The next part is the shirring which really isn’t difficult so don’t panic. First wind shirring elastic onto an empty bobbin BY HAND stretching it very slightly as you go, put it into the machine in the usual way (you may wish to check the manual if you have an older machine in case there is anywhere else you need to thread the elastic through) Use your matching colour thread on the top in the usual way and lengthen the stitch slightly, it doesn’t need to be zigzag or anything though. Definitely try out a test piece first and don’t forget to secure the start of each new row so that the stitching doesn’t come undone. I don’t secure the other end at this stage though in case I find I need to pull the threads up any more later. You should be able to sew 8 rows of stitching parallel to each other to complete the strip. The fabric will naturally pucker up pretty well but when you’re done stitching hover the iron with plenty of steam over it and you’ll find it gathers up some more as a result. Finally knot the ends of the threads to secure.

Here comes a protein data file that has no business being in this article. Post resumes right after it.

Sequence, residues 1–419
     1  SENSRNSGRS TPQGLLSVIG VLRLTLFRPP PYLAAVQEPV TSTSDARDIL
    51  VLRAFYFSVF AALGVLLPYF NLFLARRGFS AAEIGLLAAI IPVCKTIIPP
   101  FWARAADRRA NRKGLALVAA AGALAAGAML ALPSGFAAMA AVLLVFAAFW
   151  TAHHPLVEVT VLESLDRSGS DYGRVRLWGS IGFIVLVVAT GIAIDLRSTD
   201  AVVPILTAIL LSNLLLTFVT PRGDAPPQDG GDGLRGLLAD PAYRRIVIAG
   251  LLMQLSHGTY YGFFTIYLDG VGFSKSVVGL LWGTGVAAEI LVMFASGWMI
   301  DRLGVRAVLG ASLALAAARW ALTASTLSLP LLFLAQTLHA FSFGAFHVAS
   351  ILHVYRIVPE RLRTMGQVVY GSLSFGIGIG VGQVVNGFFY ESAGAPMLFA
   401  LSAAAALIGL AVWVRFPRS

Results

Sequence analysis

Then you need to attach the gathered band onto the lower part of the bodice making sure it’s evenly divided as you go.

Attaching the shirred waist section to the upper bodice.

Attach the skirts (I’d sewn the pocket bags on to each side seam before doing this. I just use my handy cardboard template which I made ages ago, I just trace around it directly onto the fabric and cut out.) 

Next the zip goes into the left side seam. I sew it here out of habit as I’m right-handed and find it easier to do up that way but put the zip in whichever side works for you. After neatening both side seams separately first I sewed up the top of the side seam by about 4cms from the armhole edge. I used an invisible zip and inserted it in the usual way, making sure the waist seams matched, and then joining the rest of the side seam once I was happy with the zip insertion. I sewed up the other side seam and I was ready to tackle the sleeves.